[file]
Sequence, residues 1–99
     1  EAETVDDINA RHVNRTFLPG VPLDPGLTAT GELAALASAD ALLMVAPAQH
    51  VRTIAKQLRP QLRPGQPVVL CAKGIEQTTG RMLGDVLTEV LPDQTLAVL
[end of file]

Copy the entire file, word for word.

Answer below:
Sequence, residues 1–99
     1  EAETVDDINA RHVNRTFLPG VPLDPGLTAT GELAALASAD ALLMVAPAQH
    51  VRTIAKQLRP QLRPGQPVVL CAKGIEQTTG RMLGDVLTEV LPDQTLAVL